by Salman Azfar 1K
Thu Jan 18, 2018 9:41 pm
Forum: Reaction Enthalpies (e.g., Using Hess’s Law, Bond Enthalpies, Standard Enthalpies of Formation)
Topic: 67.a
Replies: 1
Views: 68

Re: 67.a

Not sure about your calculations, but make sure to look at it logically. You are forming bonds, so you release energy. Energy is lost, so your answer will be negative.
by Salman Azfar 1K
Thu Jan 18, 2018 9:37 pm
Forum: Thermodynamic Systems (Open, Closed, Isolated)
Topic: open system
Replies: 6
Views: 268

Re: open system

One method is to say, evaporate water in an open beaker. Basically some of the substance leaves the system.
by Salman Azfar 1K
Mon Jan 08, 2018 11:17 pm
Forum: Phase Changes & Related Calculations
Topic: Temperature and Exothermic Reaction [ENDORSED]
Replies: 4
Views: 218

Re: Temperature and Exothermic Reaction [ENDORSED]

A quick and easy way to put it is that the temperature is technically changing but tech is being used to keep it constant anyway.
by Salman Azfar 1K
Mon Jan 08, 2018 5:38 pm
Forum: Reaction Enthalpies (e.g., Using Hess’s Law, Bond Enthalpies, Standard Enthalpies of Formation)
Topic: Strength of Interactions in a Solid
Replies: 3
Views: 156

Re: Strength of Interactions in a Solid

If I had to wager a guess, interactions between molecules are determined by which molecules are present, and nothing changes there. However, their arrangement and ability to move freely does change.
by Salman Azfar 1K
Mon Jan 08, 2018 5:36 pm
Forum: Phase Changes & Related Calculations
Topic: Enthalpy and Volume of a System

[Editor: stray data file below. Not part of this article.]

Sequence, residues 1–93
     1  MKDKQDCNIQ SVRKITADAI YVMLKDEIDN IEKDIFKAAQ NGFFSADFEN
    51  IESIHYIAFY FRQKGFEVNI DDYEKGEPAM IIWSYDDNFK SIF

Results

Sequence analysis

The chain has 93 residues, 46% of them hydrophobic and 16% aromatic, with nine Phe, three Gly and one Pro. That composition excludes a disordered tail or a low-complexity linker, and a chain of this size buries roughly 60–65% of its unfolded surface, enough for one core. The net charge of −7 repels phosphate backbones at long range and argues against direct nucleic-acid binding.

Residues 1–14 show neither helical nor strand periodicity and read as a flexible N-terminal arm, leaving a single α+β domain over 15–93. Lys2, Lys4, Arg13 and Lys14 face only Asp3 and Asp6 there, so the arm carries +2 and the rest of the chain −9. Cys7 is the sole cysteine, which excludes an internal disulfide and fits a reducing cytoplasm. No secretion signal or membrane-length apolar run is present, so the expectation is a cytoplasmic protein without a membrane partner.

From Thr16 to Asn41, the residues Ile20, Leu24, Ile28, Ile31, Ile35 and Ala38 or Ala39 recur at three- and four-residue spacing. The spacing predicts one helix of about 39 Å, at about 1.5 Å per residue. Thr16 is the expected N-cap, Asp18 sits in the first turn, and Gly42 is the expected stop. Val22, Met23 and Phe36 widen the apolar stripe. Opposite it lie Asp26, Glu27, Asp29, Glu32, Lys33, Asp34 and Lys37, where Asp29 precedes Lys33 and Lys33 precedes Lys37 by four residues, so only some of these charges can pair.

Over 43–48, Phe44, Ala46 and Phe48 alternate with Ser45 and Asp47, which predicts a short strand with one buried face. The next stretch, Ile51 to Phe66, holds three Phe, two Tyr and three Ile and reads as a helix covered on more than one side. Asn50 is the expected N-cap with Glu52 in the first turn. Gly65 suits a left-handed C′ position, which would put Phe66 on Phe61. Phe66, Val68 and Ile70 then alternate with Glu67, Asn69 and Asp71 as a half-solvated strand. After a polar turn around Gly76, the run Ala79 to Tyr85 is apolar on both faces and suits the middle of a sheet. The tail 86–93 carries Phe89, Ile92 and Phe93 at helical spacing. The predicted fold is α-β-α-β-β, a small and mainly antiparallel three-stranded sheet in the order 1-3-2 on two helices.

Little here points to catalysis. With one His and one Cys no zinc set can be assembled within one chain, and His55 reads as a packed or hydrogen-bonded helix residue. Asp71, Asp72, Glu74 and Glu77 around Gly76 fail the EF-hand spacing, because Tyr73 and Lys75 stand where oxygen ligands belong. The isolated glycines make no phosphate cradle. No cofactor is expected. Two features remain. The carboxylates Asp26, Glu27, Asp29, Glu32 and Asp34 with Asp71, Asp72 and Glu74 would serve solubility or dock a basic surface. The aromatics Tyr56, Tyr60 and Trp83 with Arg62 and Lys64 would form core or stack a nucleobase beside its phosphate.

Replies: 2
Views: 129

Re: Enthalpy and Volume of a System

I don't really think that there is much of a connection. I'm guessing you're thinking that PV=nRT so if everything is constant increasing temperature could increase volume, etc. However, most of what we work with (if I had to guess) will either be in a rigid container or we simply won't care much ab...
by Salman Azfar 1K
Tue Dec 05, 2017 9:40 am
Forum: Bronsted Acids & Bases
Topic: Proton Transfer Equilbria
Replies: 2
Views: 181

Re: Proton Transfer Equilbria

Correct me if I'm wrong but is it not just a way of saying acid-base reaction at equilibrium? Since the reaction is basically just proton transfer.
by Salman Azfar 1K
Tue Dec 05, 2017 9:39 am
Forum: Biological Examples
Topic: Final-- Examples
Replies: 2
Views: 337

Re: Final-- Examples

I don't really recall Dr. Lavelle ever saying that we needed to memorize biological examples (I assume you mean coordination compounds). However, it would be nice if he could confirm this in class; I would ask him just to be sure. The one thing that will definitely be good to know though is which li...
by Salman Azfar 1K
Tue Nov 28, 2017 1:09 pm
Forum: Ideal Gases
Topic: Test 4
Replies: 2
Views: 163

Re: Test 4

I don't know about the individual smaller gas laws but at the very least, it may not hurt to be familiar with the ideal gas law since it encompasses the smaller ones. Plus, it can be used to switch between Kc and Kp; not sure if that may be on the test, but it could be useful.
by Salman Azfar 1K
Tue Nov 28, 2017 1:07 pm
Forum: Ideal Gases
Topic: Kc to Kp Conversion
Replies: 5
Views: 401

Re: Kc to Kp Conversion

I am not sure as to whether or not we will need to know how to do this, but basically you need to use the ideal gas law. If given pressure to get Kc, you need to put pressure into the ideal gas law and calculate the unknown values (most likely moles). Then use those moles to get concentrations and c...